It’s the vibe – Course environment and the intersection of environmental psychology and learner experience design
Keywords:learning environment, environmental psychology, learning experience design
Overstimulated, anxious, and overwhelmed or relaxed, focused, and confident. Our environment affects the way we feel and recently the impacts of our environment on health and wellbeing have been widely publicised. We often associate mood-impacting environmental factors with our physical environments, both natural surroundings or built environments such as homes, workspaces, or classrooms. When considering learning environments through a post-digital lens, it is important to consider the impact of the design of the physical and digital learning spaces.
Creating a learning environment that supports the wellbeing of learners, in addition to supporting academic success, can be difficult due to the individual needs of diverse learners and the nuances of the content being presented. However, by combining insights from environmental psychology and learner experience design (LXD), a sweet spot can be found. In this session, we will examine how these fields intersect with learning theory and how this intersection was leveraged to enhance course design through the inclusion of an LMS course template for credit bearing courses in a university.
Canter and Craik (1981, p.2) defined environmental psychology as the relationship between “human experiences and actions with pertinent aspects of the socio-physical surroundings”. Aspects of the online environment as well as the physical environment that learners are in when engaging in online learning will be examined. We will look at how learners engage with components of the environment including course media, content organization, and connections with others and the alignment with learning theories such as cognitive load theory, situated cognition, and cognitive theory of multimedia learning (Brown, et al., 1989; Mayer, 2020; Schumacher, et al., 2013; Sweller, et al., 1998).
According to Schmidt and Huang (2021), “LXD is a human-centric, theoretically-grounded, and socio-culturally sensitive approach to learning design, intended to propel learners towards identified learning goals, and informed by UXD methods.” It extends on principles from usability and User Experience (UX) design. This focus on the technical aspects of the learning environment considers how the learners’ interactions with the environment impacts the learning process (Schmidt & Tawfik, 2021). LXD may consist of both the learner's interaction with the learning environment and the perception of value of the elements in the learning space (Tawfik, et al., 2021).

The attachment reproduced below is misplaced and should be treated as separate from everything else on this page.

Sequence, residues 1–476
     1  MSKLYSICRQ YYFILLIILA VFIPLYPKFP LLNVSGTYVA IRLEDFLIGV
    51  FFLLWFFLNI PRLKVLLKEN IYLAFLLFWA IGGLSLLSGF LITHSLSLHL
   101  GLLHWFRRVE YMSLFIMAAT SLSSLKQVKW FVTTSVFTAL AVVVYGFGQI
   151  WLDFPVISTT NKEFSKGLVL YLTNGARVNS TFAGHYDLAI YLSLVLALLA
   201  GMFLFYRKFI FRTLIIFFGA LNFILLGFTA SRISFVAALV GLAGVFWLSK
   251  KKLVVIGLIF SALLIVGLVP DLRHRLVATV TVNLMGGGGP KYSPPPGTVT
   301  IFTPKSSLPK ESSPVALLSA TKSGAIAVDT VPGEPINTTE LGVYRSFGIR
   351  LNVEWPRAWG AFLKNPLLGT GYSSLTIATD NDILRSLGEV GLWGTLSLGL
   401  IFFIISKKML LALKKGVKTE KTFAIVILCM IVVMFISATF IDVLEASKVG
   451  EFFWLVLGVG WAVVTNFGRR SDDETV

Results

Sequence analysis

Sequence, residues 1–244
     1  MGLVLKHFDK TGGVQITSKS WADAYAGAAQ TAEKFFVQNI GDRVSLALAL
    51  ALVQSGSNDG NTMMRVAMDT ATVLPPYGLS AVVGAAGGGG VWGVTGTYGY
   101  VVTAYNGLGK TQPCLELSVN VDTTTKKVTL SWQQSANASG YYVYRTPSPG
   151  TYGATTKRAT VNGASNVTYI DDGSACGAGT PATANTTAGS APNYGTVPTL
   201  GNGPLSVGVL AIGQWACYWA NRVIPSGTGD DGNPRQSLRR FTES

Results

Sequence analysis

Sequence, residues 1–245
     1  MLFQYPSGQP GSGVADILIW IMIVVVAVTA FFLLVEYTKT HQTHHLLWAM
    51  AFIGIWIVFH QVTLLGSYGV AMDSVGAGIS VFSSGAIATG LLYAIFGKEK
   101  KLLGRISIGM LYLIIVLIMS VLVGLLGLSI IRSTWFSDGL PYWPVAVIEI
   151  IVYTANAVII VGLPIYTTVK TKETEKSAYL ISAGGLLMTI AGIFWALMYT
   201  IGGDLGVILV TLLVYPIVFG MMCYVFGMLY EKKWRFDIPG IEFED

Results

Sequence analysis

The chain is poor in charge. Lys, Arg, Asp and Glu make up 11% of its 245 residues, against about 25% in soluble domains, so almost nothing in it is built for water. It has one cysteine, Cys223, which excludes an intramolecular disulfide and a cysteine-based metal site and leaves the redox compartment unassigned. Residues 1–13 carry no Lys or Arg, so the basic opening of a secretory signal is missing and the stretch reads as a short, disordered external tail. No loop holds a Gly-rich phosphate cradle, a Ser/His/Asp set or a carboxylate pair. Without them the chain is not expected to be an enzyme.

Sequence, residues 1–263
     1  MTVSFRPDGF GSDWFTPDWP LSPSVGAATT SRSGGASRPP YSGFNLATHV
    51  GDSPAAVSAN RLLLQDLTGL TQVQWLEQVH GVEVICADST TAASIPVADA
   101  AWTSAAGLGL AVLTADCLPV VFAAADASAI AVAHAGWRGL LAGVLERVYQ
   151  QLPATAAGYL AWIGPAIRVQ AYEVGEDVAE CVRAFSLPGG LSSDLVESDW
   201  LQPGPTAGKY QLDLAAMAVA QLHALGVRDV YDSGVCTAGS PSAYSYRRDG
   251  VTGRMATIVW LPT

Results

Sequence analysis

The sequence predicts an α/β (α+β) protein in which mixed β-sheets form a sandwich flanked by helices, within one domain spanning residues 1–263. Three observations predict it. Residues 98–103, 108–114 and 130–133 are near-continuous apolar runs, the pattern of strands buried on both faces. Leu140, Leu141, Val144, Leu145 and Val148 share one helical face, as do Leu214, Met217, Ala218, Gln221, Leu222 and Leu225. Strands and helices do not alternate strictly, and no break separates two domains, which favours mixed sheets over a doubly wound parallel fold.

In January of 2023, the University of Canterbury implemented a course template for all credit bearing course instances in the LMS. The design of the template was informed by principles from learning theory, environmental psychology, and learner experience design. Efforts were made to decrease cognitive load, provide consistent organization of administrative information across courses, and to allow for flexibility in the presentation of subject specific content.
Essential to this case is the human experience with the interactions with technology and content, as well as the role social elements play. When guided by the overlap of research-based theories and methods focused on learning, well-being, and technical interactions, courses can be designed to best support acquisition of knowledge and skills as well as to promote the wellbeing of the learners.
This session aligns with the conference themes of Diverse People, Digital Partnerships, and Digital Pedagogy by supporting the work of learning designers, educators, and digital technologists. Deeper partnerships are encouraged between pedagogy and the community as well as people in distinct roles. The wellbeing of learners is supported through the advocacy of purposefully designed learning environments. The session also explores the relationship between people and technology.
Copyright (c) 2023 Carmen Weaver
This work is licensed under a Creative Commons Attribution 4.0 International License.